Links /algorithms/-/tree/master/sortAlgorithms/treesort


TreeSort Algorithm Explained and Implemented with Examples in Java | Sorting Algorithms | Geekific – YouTube

Tree sort – YouTube

Convert Sorted Array to Binary Search Tree (LeetCode 108. Algorithm Explained) – YouTube

Sorting algorithms/Tree sort on a linked list – Rosetta Code

Tree Sort – GeeksforGeeks

Tree sort – Wikipedia

How to handle duplicates in Binary Search Tree? – GeeksforGeeks

Tree Sort | GeeksforGeeks – YouTube

Bucket Sort

Bucket Sort – bucket sorting. The algorithm is similar to sorting by counting, with the difference that the numbers are collected into “buckets”-ranges, then the buckets are sorted using any other, sufficiently productive, sorting algorithm, and the final chord is the expansion of the “buckets” one by one, resulting in a sorted list.

The time complexity of the algorithm is O(nk). The algorithm runs in linear time for data that obeys a uniform distribution. To put it simply, the elements must be in a certain range, without “splashes”, for example, numbers from 0.0 to 1.0. If among such numbers there are 4 or 999, then such a series, according to the laws of the yard, is no longer considered “even”.

Implementation example in Julia:

function bucketSort(numbers, bucketsCount)
    buckets = Vector{Vector{Int}}()
    for i in 0:bucketsCount - 1
        bucket = Vector{Int}()
        push!(buckets, bucket)

    maxNumber = maximum(numbers)

    for i in 0:length(numbers) - 1
        bucketIndex = 1 + Int(floor(bucketsCount * numbers[1 + i] / (maxNumber + 1)))
        push!(buckets[bucketIndex], numbers[1 + i])

    for i in 0:length(buckets) - 1
        bucketIndex = 1 + i
        buckets[bucketIndex] = sort(buckets[bucketIndex])

    flat = [(buckets...)...]
    print(flat, "\n")


numbersCount = 10
maxNumber = 10
numbers = rand(1:maxNumber, numbersCount)
bucketsCount = 10
bucketSort(numbers, bucketsCount)

The performance of the algorithm is also affected by the number of buckets, for more numbers it is better to take a larger number of buckets (Algorithms in a nutshell by George T. Heineman)



Radix Sort

Radix Sort – radix sort. The algorithm is similar to counting sort in that there is no comparison of elements, instead elements are *character-by-character* grouped into *buckets* (buckets), the bucket is selected by the index of the current number-character. Time complexity – O(nd).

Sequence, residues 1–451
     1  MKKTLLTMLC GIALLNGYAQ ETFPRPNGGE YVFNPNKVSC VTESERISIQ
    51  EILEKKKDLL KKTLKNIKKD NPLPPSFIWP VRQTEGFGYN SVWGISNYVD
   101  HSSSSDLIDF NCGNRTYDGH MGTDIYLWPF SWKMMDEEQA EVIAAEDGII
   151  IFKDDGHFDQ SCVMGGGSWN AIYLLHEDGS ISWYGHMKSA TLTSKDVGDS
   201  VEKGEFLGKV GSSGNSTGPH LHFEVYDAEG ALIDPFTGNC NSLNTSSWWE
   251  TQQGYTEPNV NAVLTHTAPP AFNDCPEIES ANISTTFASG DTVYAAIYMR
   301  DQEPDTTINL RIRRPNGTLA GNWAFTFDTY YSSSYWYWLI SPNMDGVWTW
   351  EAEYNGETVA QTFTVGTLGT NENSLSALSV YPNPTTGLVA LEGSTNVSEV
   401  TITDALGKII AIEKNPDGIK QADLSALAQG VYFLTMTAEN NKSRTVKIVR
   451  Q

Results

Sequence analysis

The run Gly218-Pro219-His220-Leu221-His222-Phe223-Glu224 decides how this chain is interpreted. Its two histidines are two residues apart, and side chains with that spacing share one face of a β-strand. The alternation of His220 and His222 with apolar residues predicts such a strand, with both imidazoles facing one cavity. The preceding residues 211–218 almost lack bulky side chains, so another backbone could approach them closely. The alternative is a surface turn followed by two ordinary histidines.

Works like this:

  • The input will be the numbers 6, 12, 44, 9
  • Let’s create 10 buckets of lists (0-9) into which we will add/sort numbers bit by bit.


  1. Run a loop with counter i up to the maximum number of characters in the number
  2. At index i from right to left we get one character for each number, if there is no character, then we consider it to be zero
  3. The character is converted to a number
  4. Select a bucket by index – number, put the whole number there
  5. After finishing iterating over numbers, convert all buckets back to a list of numbers
  6. Get numbers sorted by digit
  7. Repeat until all digits run out

Radix Sort example in Scala:

import scala.collection.mutable.ListBuffer
import scala.util.Random.nextInt

object RadixSort {
    def main(args: Array[String]) = {
        var maxNumber = 200
        var numbersCount = 30
        var maxLength = maxNumber.toString.length() - 1

        var referenceNumbers = LazyList.continually(nextInt(maxNumber + 1)).take(numbersCount).toList
        var numbers = referenceNumbers
        var buckets = List.fill(10)(ListBuffer[Int]())

        for( i <- 0 to maxLength) { numbers.foreach( number => {
                    var numberString = number.toString
                    if (numberString.length() > i) {
                        var index = numberString.length() - i - 1
                        var character = numberString.charAt(index).toString
                        var characterInteger = character.toInt  
                        buckets.apply(characterInteger) += number
                    else {
                        buckets.apply(0) += number
            numbers = buckets.flatten
            buckets.foreach(x => x.clear())
        println(s"Validation result: ${numbers == referenceNumbers.sorted}")

The algorithm also has a version for parallel execution, for example on the GPU; there is also a variant of bit sort, which is probably very interesting and truly breathtaking!


Sources D1%8F%D0%B4%D0%BD%D0%B0%D1%8F_%D1%81%D0%BE%D1%80%D1%82%D0%B8%D1%80%D0%BE%D0% B2%D0%BA%D0%B0